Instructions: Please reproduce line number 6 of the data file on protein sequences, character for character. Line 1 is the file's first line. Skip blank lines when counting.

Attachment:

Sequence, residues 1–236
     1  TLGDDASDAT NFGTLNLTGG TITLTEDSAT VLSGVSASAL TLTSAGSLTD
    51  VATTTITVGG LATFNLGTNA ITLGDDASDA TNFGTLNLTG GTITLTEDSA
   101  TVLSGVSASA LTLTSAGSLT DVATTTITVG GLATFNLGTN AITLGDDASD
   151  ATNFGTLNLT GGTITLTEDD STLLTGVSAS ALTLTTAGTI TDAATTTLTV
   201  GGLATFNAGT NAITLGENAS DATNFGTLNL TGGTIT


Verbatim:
   201  GGLATFNAGT NAITLGENAS DATNFGTLNL TGGTIT